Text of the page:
In general, He who gave us grace must give us more of it. The manner in which we receive grace is through prayer and the means of grace. Beautifully and powerfully our Heidelberg Catechism reminds us that God will give His grace and Spirit only to those who sincerely and continually ask for them of Him (Lord’s Day 45). Also, the Spirit uses chiefly the means of the preaching (with the sacraments) to give grace. That is why we must not forsake the preaching of the pure doctrines of the gospel. Attend the faithful preaching of God’s Word, and do so with a sincere heart. Grow in grace by searching the Scriptures more and more diligently.
Specifically, we grow in grace when we grow in “the knowledge of our Lord and Savior, Jesus Christ.” This knowledge is first an intellectual understanding of God’s revelation concerning Jesus. We are to study and learn the topsoil of the truth (the history of His birth, life, and death, His parables and miracles, etc.), but also we must get below the surface and into the depths. We are to see more clearly the truths of Scripture in their organic whole, with the knowledge of God in Christ at the center. It is seeing more and more the truths of union with Christ, of God’s sovereign purposes and control of all, His absolutely perfect wisdom, immutable faithfulness, holy justice, and eternal love.
Knowledge is commendable, but we have to remember that knowledge of the truth all by itself “puffeth up.” Knowledge is beneficial only when it is accompanied with love of God and the neighbor (I Cor. 8:1-3). Another way of saying it is to say that this knowledge must be spiritual—more than just intellectual. Knowledge that is merely intellectual will always lead to pride. But a right grasp of the truth that God has revealed about Jesus and grace and salvation always leads to humility. Then knowledge is a matter of the heart as well as of the mind. Such knowledge comforts and edifies both oneself and others.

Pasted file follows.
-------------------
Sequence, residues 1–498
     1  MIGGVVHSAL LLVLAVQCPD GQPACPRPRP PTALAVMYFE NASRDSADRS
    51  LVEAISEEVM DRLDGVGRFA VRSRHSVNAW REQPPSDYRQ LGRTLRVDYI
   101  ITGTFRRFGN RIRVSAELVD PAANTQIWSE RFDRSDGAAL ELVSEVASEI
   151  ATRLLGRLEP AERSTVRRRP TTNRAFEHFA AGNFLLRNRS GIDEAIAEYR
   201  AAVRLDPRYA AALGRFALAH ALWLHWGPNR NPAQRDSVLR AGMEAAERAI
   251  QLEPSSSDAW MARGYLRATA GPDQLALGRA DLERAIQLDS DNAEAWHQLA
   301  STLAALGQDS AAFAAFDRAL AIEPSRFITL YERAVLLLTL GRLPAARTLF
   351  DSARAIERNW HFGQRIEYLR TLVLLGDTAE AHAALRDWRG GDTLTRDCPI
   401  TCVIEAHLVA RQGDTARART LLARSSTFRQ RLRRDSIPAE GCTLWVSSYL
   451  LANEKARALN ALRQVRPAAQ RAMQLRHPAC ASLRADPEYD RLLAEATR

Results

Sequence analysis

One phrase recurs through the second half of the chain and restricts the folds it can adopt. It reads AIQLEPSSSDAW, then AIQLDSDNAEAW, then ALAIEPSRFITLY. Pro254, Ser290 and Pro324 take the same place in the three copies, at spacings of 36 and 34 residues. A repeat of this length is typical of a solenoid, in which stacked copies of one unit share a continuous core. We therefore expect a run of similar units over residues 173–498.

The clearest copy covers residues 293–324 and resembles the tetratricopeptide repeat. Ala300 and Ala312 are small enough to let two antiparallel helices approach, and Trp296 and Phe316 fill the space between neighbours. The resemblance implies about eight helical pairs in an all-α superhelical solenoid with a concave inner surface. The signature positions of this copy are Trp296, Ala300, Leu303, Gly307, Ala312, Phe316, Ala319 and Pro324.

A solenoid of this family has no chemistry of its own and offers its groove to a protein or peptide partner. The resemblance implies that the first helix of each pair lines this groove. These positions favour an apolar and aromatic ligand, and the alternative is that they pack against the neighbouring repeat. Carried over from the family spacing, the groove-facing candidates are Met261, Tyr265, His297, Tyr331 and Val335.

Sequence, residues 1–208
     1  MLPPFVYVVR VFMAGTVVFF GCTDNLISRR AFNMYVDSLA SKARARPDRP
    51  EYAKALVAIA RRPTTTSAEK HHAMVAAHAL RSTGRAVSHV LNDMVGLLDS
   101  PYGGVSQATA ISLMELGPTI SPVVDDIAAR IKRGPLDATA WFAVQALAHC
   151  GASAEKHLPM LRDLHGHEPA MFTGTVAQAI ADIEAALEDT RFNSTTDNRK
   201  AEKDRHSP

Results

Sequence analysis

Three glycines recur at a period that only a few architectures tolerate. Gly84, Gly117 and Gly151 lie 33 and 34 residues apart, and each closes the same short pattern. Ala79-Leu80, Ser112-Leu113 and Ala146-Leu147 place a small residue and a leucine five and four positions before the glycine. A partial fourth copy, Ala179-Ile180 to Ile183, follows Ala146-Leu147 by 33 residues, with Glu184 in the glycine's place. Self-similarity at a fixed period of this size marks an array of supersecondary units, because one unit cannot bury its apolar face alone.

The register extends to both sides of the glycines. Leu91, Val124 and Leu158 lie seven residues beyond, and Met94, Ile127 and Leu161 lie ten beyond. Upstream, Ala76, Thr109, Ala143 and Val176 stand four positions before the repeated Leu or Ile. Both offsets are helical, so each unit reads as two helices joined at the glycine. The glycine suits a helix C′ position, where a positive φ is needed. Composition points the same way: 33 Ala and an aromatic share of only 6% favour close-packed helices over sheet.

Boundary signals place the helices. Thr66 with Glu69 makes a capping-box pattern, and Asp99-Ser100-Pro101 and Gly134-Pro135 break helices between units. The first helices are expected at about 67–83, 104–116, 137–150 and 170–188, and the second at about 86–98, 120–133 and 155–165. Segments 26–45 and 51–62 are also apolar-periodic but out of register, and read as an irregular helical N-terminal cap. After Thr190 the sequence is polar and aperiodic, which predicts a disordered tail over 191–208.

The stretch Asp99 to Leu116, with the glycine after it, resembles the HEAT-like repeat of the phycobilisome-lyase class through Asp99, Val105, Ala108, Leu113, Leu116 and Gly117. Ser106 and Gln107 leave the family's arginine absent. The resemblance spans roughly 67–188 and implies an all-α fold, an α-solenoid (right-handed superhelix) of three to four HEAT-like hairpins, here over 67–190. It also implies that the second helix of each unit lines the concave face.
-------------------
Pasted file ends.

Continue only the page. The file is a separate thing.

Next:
The object of this knowledge is to be like “our Lord and Savior Jesus Christ.” Believers are to “grow up in him in all things” (Eph. 4:15). This is the only growth that is true growth. Know more of His person: God’s appointed Christ, the true and eternal Savior (Jesus). Know more of His work: His perfect life, His constant loving submission to the will of His Father, His atoning death, justifying resurrection, continual intercession, royal advocacy. Know His teachings, His works, His parables, and His miracles.
Right knowledge of the Savior and Lord makes one long to know Him even better. He who drinks after Jesus will thirst for more of Him, as the hart pants after water. Jesus satisfies as nothing else can. At the same time, to taste Him makes us want to taste Him more and more without ever being too full.
True knowledge of Jesus Christ leads to glorying in Him and in God. Forever! Hence our text ends: “To him be glory both now and for ever. Amen.”
“Glory” is objectively the manifestation of God’s goodness—of His virtues. This glory is revealed in all the works and ordinances of God, but most highly in Jesus Christ. The church as a whole, and each believer, sees by faith this glory in Jesus. It is by Him and for Him that all things were made. He is perfect surety of the covenant. He humbled Himself so deeply. He drank all the cup of God’s wrath. He burst the bonds of death, the grave, and hell. He ascended, leading captivity as a captive. To Him the angels sing a new song of glory (Rev. 5:9-14, 19:6). And every pious heart in the church responds by glorying in the Lord.
“Both now and for ever.” The right and wonderful knowledge of the Savior and Lord will not let us keep silent. We do not wait until we get to heaven to sing of His glory. Already now, in this present time, we desire to proclaim His glory, and to do so in every sphere of life. The activity of giving glory to God and to Christ is to characterize every believer on this earth. Realize that man is always glorying. If we are not glorying in the Lord Jesus, then we are either glorying in self or thinking incorrectly of Him. Right knowledge of Jesus not only leads to humility, but also leads to glorying in the Lord.
And we will glory in the Lord forever (literally, the eternal day). We are never to cease in giving Him praise. The glory of the cross and the great luster of God and His grace may never be dimmed nor eclipsed. He is to be praised for as long as His throne endures—forever!